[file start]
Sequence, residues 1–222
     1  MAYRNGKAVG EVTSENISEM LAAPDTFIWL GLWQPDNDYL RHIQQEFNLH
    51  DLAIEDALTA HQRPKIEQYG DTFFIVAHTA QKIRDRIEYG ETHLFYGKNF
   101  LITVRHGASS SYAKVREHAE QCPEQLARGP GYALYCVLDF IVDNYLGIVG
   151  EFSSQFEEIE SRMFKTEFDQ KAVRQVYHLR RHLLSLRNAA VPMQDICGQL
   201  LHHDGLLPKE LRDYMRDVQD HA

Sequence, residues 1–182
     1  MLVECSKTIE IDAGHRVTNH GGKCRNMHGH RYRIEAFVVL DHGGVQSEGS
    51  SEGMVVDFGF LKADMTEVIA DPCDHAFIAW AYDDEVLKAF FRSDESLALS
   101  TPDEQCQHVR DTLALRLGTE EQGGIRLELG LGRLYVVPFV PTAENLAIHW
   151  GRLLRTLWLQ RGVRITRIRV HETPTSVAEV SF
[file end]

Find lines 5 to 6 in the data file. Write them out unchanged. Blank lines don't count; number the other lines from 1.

   151  EFSSQFEEIE SRMFKTEFDQ KAVRQVYHLR RHLLSLRNAA VPMQDICGQL
   201  LHHDGLLPKE LRDYMRDVQD HA